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No, not the means of deciding whether the UK remains in or leaves the EU, but what is on the reverse side of Britain’s coins.
‘I’ve got a Benjamin Britten 50p. Is it really worth thousands?’ We saw this question on the internet from someone who thought they had discovered a rare coin as they had seen a similar coin being offered for sale on eBay for £800. On further investigation, we discovered a similar coin actually sold on eBay for 11p with package and postage of £1.99!
The Benjamin Britten coin was created in 2013 to celebrate the birth of the British composer and was one of 5.3 million minted. However, 1,000 ‘silver proof’ coins were minted with 92.5% silver content as opposed to 75% copper/25% nickel content and these have a greater potential worth than face value. These had an original price of £90 and can now sell for up to £300.
And what can we learn from the above? We Brits are a nation of collectors, whether its stamps, coins, pin ball machines or lawn mowers (don’t ask!). More importantly, whether its coins, shares or houses; at the end of the day, something is only worth what someone else is willing to pay!
What have we been watching?
The prospect of Britons voting to leave the EU later this week continued to fuel global stock market volatility. At one point, both Sterling and UK shares dropped to their lowest levels in months. The UK 10 year gilt yield fell to a record low of 1.2% as fixed interest investors took the view that a Leave vote would see the BoE extend its QE programme. Then one shocking and tragic event in the UK looked to have changed things.
The initial shift in market sentiment at the start of last week was triggered by a trio of opinion polls showing the Leave campaign had moved into the lead. In addition, The Sun newspaper was reported to have swung behind the Leave campaign while the BBC reported that the Labour Party had failed to engage with its supporters who were drifting to the leave camp. The Labour Party belatedly started to campaign for Remain by warning of the Brexit risk to the NHS.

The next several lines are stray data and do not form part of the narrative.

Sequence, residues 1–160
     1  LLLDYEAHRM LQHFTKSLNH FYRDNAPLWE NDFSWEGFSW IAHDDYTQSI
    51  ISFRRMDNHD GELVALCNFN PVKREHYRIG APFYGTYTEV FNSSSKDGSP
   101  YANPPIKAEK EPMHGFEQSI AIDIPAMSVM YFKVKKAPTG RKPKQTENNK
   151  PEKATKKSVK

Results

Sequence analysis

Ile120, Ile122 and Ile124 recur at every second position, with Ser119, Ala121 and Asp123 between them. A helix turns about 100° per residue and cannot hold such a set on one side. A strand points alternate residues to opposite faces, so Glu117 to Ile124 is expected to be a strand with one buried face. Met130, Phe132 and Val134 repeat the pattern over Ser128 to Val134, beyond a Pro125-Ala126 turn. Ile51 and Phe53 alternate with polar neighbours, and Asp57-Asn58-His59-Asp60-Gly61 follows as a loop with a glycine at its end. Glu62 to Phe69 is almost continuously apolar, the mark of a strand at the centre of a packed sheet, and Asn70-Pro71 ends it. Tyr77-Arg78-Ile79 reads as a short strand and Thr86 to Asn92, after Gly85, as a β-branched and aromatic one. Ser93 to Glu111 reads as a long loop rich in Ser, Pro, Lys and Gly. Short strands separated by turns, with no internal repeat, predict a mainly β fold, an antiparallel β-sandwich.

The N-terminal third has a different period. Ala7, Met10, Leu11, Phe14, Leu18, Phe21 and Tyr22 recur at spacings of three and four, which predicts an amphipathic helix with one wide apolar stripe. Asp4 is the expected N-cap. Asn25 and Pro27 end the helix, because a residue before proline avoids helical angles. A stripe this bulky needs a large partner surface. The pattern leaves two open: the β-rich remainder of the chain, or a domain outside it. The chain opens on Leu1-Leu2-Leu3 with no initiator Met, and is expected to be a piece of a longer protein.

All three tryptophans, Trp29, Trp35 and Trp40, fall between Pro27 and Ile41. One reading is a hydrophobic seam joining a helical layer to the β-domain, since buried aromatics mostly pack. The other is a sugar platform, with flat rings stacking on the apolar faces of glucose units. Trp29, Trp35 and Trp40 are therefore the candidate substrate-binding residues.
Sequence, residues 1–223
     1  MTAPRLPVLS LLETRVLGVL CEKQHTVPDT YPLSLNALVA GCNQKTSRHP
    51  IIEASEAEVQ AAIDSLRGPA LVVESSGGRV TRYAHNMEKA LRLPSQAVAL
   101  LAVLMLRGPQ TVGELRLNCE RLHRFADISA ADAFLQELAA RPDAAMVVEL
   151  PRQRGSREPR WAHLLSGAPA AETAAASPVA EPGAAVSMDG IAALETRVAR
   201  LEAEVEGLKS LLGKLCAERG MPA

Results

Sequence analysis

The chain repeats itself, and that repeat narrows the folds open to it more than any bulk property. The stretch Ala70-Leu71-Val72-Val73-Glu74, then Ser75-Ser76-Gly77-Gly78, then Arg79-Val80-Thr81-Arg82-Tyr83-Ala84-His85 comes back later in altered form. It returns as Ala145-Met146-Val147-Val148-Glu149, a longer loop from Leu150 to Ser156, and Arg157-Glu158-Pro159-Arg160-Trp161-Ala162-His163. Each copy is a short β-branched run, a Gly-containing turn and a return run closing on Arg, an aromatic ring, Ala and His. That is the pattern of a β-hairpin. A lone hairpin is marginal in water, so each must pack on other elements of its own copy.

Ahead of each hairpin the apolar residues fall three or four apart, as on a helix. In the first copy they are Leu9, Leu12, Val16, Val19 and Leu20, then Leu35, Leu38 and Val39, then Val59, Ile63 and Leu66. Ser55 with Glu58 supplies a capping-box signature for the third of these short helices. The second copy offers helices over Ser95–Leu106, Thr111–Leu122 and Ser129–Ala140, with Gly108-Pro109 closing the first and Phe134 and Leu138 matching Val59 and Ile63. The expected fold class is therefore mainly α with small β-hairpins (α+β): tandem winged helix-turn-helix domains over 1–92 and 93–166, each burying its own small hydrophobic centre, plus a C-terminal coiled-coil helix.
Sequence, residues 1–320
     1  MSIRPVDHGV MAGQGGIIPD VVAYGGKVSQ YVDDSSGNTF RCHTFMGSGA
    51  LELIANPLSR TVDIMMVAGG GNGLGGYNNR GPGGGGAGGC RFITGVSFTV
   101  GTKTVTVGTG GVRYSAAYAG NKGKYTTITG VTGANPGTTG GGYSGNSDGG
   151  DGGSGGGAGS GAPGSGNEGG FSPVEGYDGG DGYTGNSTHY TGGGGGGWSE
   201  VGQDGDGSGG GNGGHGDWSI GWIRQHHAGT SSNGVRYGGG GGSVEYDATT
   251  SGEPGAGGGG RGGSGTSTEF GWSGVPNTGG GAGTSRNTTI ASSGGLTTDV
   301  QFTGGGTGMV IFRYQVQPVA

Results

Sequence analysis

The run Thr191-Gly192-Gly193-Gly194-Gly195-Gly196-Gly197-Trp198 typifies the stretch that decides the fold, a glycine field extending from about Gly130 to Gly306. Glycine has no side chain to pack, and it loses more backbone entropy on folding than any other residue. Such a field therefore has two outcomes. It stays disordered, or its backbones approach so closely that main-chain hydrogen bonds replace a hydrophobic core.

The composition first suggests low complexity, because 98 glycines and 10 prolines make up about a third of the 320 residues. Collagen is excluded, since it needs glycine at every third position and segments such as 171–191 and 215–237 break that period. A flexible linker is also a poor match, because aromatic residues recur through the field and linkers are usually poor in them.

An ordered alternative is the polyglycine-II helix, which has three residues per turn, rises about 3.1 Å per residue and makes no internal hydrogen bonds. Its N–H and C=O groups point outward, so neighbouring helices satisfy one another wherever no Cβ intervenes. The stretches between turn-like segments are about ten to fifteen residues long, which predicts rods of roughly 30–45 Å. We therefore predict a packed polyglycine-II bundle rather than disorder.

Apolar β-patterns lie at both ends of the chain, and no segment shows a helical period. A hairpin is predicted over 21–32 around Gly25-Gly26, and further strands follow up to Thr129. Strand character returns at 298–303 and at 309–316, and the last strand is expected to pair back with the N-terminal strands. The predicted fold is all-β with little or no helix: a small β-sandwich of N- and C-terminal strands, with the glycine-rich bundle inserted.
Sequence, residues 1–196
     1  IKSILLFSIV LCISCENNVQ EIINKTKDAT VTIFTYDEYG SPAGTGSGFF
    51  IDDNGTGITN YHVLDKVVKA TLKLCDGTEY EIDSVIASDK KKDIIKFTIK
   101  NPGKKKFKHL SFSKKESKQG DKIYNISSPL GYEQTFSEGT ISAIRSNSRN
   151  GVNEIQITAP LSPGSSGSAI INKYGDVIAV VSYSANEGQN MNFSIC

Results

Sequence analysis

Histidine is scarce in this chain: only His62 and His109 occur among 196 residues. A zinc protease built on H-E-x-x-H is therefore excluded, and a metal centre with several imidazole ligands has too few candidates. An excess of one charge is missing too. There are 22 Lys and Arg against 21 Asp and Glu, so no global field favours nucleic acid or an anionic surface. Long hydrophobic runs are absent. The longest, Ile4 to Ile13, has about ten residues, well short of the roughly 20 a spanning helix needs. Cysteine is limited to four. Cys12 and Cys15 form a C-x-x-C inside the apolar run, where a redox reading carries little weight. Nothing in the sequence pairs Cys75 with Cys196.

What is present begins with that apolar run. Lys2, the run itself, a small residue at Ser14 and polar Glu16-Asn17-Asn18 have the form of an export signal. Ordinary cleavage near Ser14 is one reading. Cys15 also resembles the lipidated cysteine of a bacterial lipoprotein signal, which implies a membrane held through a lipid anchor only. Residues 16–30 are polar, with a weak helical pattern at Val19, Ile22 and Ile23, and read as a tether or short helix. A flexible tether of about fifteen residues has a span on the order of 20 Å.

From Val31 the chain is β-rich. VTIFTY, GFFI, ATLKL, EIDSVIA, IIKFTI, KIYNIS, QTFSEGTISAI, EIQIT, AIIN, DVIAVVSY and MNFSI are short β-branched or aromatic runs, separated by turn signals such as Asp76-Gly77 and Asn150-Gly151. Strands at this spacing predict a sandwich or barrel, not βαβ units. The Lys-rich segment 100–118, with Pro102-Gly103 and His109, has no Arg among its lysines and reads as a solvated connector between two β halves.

Given the error of margin in previous opinion polls, the market has also been monitoring the bookies odds. These had dipped from 80% Remain/20% Leave just a few week’s past, to 55%/45% before recovering to 64%/36%. The President of the British Polling Council said that ‘we no longer have a favourite in this referendum’. The EU vote however, was put into some perspective by the tragic death of Labour MP Jo Cox, with eyewitness reports to the BBC suggesting the killer shouted ‘put Britain first’. All referendum campaigning was temporarily suspended.
While it seems insensitive to talk about markets in relation to this tragic event, bookies odds over the weekend seemed to indicate that it may have possibly changed the shape of the closing stages of the EU referendum. The bookies odds moved to 71% Remain In/29% Leave.
The UK equity market started to adjust to the increased risk presented by the shift towards Leave in the polls and bookies odds at the start of last week. The FT-All Share Index at one point last week was down by almost 6% since the start of the month. This was focused more on domestic UK companies such as banks, housebuilders, retailers or those exposed to government spending. Following the latest bookies odds survey the UK equity market has re-bounded strongly this morning.